Shanah tovah umetukah! Translation: Happy New Year! No you didn’t miss a few months, it’s the Jewish New Year, Rosh Hashanah. Food is the center of many Jewish holidays, think Shabbat dinners, Passover Seder, and Rosh Hashanah is no exception.
This year is my first Rosh Hashanah away from home, so let’s run through all the amazing foods at Rosh Hashanah dinner to make me feel a little more homey.
1. Apples and Honey
The most important food at Rosh Hashanah dinner, at least in my family, is apples and honey. Apples and honey describe our hopes for the new year. Part of the prayer said before eating apples and honey translates to “May it be Your will to renew for us a good and sweet year.” The honey represents the sweetness of the new year and is eaten with many foods at Rosh Hashanah dinner.
2. Challah and Honey
Challah is a type of bread served during Jewish holidays, most frequently at Shabbat. Challah is a sweet bread that normally contains honey or raisins.
To add extra sweetness, honey is drizzled over challah to represent a sweet new year, just like the apples. If I'm really lucky, my aunt will make her own challah. Homemade is the best no matter what.
Brisket is a cut of beef that is slow cooked for hours until it is melty and juicy. Brisket can be served at any Jewish holiday. My family's brisket recipe comes from our neighbors, the secret: ketchup and coffee grounds.
In my family the best part of brisket is the challah brisket sandwiches for lunch the next day, if we are lucky enough to have any left. Soaking a thick piece of challah in the brisket sauce is the best part of the whole meal.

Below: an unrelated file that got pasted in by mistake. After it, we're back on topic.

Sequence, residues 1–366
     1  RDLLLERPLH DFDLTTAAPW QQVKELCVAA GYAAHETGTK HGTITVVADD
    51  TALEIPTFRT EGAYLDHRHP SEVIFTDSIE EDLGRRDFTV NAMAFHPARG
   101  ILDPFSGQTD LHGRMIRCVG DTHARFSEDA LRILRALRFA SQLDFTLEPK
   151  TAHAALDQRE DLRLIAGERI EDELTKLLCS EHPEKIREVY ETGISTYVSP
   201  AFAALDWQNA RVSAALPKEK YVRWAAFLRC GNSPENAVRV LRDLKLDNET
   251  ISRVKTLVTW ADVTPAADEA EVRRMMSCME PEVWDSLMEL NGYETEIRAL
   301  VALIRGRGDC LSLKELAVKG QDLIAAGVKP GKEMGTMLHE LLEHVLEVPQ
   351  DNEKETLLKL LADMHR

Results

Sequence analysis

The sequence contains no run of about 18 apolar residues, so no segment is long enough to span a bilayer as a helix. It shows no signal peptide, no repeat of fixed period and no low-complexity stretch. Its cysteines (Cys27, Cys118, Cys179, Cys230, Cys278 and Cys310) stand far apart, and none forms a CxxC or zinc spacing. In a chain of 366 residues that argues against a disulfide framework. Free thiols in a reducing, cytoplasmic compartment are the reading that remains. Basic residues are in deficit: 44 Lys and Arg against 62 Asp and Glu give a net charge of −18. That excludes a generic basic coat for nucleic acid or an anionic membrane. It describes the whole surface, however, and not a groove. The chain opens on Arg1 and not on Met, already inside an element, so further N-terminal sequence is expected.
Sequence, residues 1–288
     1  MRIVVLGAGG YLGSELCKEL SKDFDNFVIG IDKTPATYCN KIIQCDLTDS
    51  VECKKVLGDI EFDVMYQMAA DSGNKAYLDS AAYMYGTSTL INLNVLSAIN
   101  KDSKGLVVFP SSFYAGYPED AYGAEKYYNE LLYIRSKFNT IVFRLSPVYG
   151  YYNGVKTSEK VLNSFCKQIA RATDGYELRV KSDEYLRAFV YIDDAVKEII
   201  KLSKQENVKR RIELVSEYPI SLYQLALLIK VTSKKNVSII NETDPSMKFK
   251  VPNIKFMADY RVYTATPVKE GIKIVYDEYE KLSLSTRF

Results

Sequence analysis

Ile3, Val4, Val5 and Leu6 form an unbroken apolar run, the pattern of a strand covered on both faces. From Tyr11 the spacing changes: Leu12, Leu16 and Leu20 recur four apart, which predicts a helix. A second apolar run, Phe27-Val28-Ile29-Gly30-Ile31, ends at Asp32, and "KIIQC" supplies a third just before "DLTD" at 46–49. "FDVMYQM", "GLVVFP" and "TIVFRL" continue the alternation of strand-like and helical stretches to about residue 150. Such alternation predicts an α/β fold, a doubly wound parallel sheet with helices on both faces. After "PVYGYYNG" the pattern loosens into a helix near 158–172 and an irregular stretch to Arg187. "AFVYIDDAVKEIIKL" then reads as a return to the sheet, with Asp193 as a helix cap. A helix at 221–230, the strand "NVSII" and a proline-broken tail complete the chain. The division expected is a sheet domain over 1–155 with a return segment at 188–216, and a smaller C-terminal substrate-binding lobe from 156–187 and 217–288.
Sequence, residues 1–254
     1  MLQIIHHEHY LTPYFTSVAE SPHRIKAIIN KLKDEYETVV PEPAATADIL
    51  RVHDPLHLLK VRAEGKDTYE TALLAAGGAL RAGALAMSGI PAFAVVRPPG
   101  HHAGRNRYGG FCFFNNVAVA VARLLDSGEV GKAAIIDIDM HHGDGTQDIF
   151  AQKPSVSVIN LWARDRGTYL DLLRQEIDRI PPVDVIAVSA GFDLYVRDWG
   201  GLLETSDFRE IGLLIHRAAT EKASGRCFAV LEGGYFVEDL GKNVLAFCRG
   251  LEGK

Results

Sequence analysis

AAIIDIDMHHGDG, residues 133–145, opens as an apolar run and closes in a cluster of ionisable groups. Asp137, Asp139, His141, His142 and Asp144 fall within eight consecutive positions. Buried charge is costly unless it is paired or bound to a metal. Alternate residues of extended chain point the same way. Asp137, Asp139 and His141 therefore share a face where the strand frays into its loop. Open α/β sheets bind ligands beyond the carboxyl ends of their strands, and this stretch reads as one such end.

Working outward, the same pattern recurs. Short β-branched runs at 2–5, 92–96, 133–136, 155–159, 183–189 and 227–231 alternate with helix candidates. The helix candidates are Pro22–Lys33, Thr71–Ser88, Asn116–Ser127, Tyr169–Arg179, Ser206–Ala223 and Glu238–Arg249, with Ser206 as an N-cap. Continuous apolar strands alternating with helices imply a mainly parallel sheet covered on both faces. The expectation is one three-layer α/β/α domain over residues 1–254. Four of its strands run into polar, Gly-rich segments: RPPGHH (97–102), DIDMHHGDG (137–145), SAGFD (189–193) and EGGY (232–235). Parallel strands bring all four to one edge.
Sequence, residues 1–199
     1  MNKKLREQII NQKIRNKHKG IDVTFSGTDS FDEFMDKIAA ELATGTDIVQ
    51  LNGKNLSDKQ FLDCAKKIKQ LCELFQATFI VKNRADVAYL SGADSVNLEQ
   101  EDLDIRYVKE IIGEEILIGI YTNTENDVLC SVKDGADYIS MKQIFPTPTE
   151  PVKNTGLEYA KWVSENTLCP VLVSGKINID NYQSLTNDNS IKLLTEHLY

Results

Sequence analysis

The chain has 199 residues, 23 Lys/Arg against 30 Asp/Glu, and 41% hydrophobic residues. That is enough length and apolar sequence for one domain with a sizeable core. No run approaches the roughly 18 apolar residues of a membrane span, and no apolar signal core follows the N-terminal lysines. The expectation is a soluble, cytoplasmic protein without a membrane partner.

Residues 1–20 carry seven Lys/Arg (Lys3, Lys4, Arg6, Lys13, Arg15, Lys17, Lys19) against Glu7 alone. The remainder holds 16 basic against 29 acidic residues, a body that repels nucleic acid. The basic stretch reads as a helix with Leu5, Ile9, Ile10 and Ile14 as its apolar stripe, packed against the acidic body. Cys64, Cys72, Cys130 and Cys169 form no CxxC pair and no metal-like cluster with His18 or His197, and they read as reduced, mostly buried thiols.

4. Matzo Ball Soup
I am about to tell you my family's super secret matzo ball recipe that has been passed on from generation to generation. Are you ready? Take a seat. It's...The recipe on the back of the box. Matzo ball soup is a classic Jewish food most popularly featured at Passover. A good matzo ball should be moist and light, not dry and brick-like. That is a lot harder to achieve than you think.
In my cousin's family, matzo ball soup is served instead of chicken noodle soup whenever someone has a cold. While it is not a requirement of Rosh Hashanah dinner, it is a nice addition.
5. Jewish Apple Cake
For dessert, it is customary to serve a sweet cake, generally a Jewish apple cake or honey cake. My family has always made Jewish apple cake from a recipe that is actually a family secret and traveled all the way from Romania to reach us here in the U.S. The apples represent a good harvest and the cake is another way to wish for a sweet new year.
While foods differ from family to family, these are some basic building blocks of the feast consumed at Rosh Hashanah dinner. What I'm telling you is, if a friend invites you to Rosh Hashanah dinner, say yes and bring an empty stomach.